W3C home > Mailing lists > Public > www-rdf-interest@w3.org > December 2000

Re: Poll: RDF Use Cases

From: Charles McCathieNevile <charles@w3.org>
Date: Tue, 19 Dec 2000 10:43:32 -0500 (EST)
To: "McBride, Brian" <bwm@hplb.hpl.hp.com>
cc: "RDF Interest (E-mail)" <www-rdf-interest@w3.org>
Message-ID: <Pine.LNX.4.30.0012191036450.20795-100000@tux.w3.org>
On Tue, 19 Dec 2000, McBride, Brian wrote:
[snip]
  So what are you're favourite use cases for RDF?

  I'll kick off with two:

  o Flexible metadata storage.  We have projects
    here with a need to store large amounts of meta
    data, but we can't predict in advance what that
    meta data will be.  The stuff we need to store
    changes over time, and we don't want to go
    updating a database schema each time it does.
    RDF looks good for this.

CMN:
I have a similar use case. There was a desire to collect accessibility
information about web pages, which might be as simple as "this page conforms
to the Web Content Accessibility Guidelines at the level double-A", or might
be a very detailed assessment, element by element, including how a particular
evaluation was made...

RDF seemed, and seems, like the answer.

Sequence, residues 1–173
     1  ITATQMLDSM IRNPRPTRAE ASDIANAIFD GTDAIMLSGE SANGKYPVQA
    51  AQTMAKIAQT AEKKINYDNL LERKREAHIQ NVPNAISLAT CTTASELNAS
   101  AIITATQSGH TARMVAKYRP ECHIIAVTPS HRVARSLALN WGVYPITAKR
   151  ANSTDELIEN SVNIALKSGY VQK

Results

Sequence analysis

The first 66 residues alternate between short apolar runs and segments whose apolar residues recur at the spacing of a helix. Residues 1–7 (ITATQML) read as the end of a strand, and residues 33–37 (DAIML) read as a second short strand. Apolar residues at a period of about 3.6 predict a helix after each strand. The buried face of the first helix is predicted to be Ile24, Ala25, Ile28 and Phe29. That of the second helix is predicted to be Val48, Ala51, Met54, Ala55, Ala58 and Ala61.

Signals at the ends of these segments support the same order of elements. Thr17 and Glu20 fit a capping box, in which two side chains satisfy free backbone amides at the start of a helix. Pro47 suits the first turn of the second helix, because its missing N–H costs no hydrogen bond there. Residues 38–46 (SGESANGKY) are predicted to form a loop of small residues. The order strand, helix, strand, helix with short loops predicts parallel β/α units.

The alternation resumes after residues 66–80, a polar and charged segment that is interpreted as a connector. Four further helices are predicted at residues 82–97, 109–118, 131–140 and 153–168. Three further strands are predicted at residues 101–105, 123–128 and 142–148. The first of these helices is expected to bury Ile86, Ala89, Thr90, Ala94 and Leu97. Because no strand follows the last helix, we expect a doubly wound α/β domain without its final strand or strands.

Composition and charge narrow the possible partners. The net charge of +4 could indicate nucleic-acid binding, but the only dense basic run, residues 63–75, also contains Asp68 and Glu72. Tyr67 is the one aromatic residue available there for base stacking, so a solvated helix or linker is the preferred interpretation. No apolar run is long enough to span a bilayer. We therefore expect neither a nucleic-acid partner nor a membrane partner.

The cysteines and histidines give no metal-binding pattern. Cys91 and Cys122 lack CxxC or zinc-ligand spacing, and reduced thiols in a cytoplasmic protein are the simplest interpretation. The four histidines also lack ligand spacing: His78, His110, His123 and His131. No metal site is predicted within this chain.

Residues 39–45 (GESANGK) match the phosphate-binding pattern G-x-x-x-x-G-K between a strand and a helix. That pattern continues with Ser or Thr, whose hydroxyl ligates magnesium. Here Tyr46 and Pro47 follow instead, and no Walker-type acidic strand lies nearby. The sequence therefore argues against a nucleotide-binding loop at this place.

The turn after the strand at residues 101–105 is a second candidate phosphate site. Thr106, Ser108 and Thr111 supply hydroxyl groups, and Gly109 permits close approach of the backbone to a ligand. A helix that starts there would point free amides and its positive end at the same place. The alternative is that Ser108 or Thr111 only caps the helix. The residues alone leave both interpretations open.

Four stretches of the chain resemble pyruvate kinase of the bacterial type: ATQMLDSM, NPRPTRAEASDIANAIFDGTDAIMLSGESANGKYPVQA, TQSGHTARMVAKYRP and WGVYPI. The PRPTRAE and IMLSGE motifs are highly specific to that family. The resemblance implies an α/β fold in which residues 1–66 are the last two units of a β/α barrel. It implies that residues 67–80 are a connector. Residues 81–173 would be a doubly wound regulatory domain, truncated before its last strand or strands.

Here is a non-use case though:

I wanted to make an events calendar that I could use XSLT to make queries on.
I decided to use plain XML (because then it is easy to develop, modify
occasionally, auto-generate schemas, and primarily to just edit content) for
the overall calendar, although it makes sense to be able to use RDF for
describing some of the things in there (e.g. types of events...)

(The fairly minimal work I did on this is at
http://www.w3.org/2000/09/calendar/alpha1 and it needs some work)

Was the problem just that XML authoring seemed more intuitive, or that RDF is
an unnecessarily powerful tool for such a simple job? Am I right that it
makes sense to have RDF schemas for types of events, and other entry types?

cheers

Charles McCN
Received on Tuesday, 19 December 2000 10:44:36 GMT

This archive was generated by hypermail 2.2.0+W3C-0.50 : Monday, 7 December 2009 10:51:47 GMT